Sunday, February 14, 2010
Sex by Raymond Belliotti (Part One)
I've burdened myself with the task of blogging every article in the Blackwell Companion to Ethics. Today, with the help of Raymond Belliotti, I cover everyone's favourite topic: sex.
Belliotti's essay covers a lot of ground, dealing with many historical views on sex. However, his focus is mainly on sexual activity (broadly defined) and its moral permissibility, and not on issues pertaining to sexual identity.
Part One will cover Belliotti's discussion of historical schools of thought on sex; Part Two will cover more modern approaches, along with some critiques.
When in Greece...
As with everything philosophical, we begin with the Greeks. And within the Greek tradition we focus on the Pythagoreans. They, famously, set up a duality between body and mind. The human mind was part of a great spirit, but it was corrupted by the body. Sex was bodily and thus corrupting.
This view was influential on Plato's vision of philosophy as a preparation for human assimilation with the divine. And the Stoics were likewise eager to distance us from the material and bodily.
This dualistic approach naturally supported a form of sexual asceticism and predated Christian influences.
The Old Testament had a reasonably positive attitude toward sex. We are all familiar with the injunctions to be fruitful and multiply. Likewise, although Jesus condemned adultery and divorce, he had little else to say on the topic of sexual morality.
It was with St. Paul that Christian attitudes toward sex started to turn sour. For Paul, we were all living in the end times and so the goal in life was to achieve eternal salvation. Sex was an unnecessary distraction from this goal. That said, Paul did not think sex was inherently evil.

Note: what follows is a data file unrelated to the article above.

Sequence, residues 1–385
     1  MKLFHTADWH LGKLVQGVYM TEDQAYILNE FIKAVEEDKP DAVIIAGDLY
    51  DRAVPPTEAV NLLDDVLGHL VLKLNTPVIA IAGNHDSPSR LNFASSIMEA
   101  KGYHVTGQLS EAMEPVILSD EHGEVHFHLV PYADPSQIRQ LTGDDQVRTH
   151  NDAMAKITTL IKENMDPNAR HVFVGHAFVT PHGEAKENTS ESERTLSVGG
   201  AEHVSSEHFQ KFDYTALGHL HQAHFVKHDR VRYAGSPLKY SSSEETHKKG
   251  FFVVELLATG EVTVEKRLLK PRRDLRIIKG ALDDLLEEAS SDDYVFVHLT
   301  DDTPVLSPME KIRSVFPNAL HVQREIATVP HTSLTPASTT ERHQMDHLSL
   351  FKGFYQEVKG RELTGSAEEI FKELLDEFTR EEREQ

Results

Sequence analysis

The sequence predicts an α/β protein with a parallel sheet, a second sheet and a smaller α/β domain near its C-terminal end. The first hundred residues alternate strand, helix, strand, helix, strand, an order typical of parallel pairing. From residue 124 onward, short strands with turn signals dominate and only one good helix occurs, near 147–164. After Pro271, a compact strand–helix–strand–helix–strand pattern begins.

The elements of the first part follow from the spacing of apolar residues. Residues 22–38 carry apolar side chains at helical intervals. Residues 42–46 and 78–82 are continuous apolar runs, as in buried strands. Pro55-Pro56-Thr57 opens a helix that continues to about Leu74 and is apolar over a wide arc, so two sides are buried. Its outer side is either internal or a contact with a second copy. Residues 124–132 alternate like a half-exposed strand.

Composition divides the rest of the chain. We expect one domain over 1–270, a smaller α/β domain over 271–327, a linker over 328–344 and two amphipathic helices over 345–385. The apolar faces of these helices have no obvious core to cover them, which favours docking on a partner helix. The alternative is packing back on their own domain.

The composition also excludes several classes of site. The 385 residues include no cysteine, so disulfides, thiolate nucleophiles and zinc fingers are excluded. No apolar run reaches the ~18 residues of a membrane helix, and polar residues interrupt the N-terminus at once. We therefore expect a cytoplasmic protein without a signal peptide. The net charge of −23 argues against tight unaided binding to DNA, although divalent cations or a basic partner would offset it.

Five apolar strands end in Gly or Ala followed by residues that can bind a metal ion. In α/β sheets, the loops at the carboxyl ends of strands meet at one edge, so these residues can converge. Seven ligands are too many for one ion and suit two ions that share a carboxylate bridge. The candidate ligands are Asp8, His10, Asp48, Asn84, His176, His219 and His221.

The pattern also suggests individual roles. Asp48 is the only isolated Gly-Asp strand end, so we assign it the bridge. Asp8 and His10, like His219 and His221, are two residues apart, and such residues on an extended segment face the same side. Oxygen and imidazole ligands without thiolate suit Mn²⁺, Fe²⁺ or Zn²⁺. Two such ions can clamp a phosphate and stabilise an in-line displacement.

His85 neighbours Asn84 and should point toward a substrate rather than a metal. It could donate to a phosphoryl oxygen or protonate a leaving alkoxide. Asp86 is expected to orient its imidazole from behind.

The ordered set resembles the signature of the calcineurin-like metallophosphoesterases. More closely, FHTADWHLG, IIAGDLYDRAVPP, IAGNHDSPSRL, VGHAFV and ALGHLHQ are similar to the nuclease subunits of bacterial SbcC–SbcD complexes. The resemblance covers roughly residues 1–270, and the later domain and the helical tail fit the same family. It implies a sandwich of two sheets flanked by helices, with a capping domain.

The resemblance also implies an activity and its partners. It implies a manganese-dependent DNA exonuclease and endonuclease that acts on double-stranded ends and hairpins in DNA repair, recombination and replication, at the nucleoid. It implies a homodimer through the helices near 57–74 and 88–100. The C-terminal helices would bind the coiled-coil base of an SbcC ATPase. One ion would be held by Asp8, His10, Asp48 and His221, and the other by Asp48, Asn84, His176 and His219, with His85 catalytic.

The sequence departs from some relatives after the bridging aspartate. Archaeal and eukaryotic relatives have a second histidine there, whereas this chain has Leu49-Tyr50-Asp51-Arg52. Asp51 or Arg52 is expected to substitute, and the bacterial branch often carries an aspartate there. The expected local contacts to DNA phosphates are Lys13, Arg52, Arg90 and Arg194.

As Christianity began to spread, it absorbed some of the Greek dualism and asceticism. St. Augustine in his work Of Holy Virginity and On Marriage and Concupiscence was the most systematic expositor of such idea. Central to his rejection of sex was the concept of the Fall. Before the Fall, sex was uncontaminated by raging passion; after the Fall there was no way to engage in sex without being consumed with sinful passion. Sex became a necessary evil. Only permitted in marriage and then only for the purposes of reproduction.
Aquinas reiterated Augustine's views, but dropped the suspicion of bodily pleasure within marriage.
Protestants and Catholics
For the early protestant reformers, such as Luther and Calvin, sex was still a distasteful business. However, they did not accept celibacy as an ideal. Sexual activity within a marriage was acceptable if it was restrained, decorous and procreative.
The Catholic position on sex has remained consistent for a very long time: sex is only permissible within marriage, and only then if performed for procreative purposes. At this juncture it is appropriate to watch this video:
Of course, there can be some modifications of these positions. For example, it might be argued that all sexual activity within a marriage is acceptable because sexual pleasure is a legitimate aspect of the marital relationship.
Criticisms of Christian Views
For those who don't accept the metaphysics of Christianity, there will be little reason to think that sex is corrupting. But even if we leave that to one side and adopt a more secular perspective, there are problems with the Christian position.
Chief among them is that the Christian view adopts a narrow functionalistic view of human nature. Proponents simply pick out some aspect of sexual "nature" (reproduction) and argue that it is the only acceptable one. Furthermore, it is difficult to see why a marriage ceremony makes sex any more legitimate than it might otherwise have been.
The Exaltation of Sex
A more interesting and modern development, associated with Roger Scruton and Vincent Purzo, is the view that sex is legitimate only if it is accompanied by love and intimacy. In other words, it must take place between two partners who are deeply committed to and trusting of each other. This requires an ability to rationally reflect on the needs, wants and thoughts of the other.
This view elevates sexual activity to a quasi-spiritual level. Sex without love and intimacy is said to be psychologically disintegrating and dehumanising.
The problem with this approach is that the exaltation of sex ends up being just as irrational as the crude functionalism of Christian attitudes to sex. Furthermore, it is not clear that psychological disintegration actually does result from sexual activity without love and intimacy. And even if it did, it does not follow that it is morally impermissible for we would first have to establish that any acts that lead to existential fragmentation are morally reprehensible.
Okay, that's it for now. In Part Two the informed consent model will be discussed.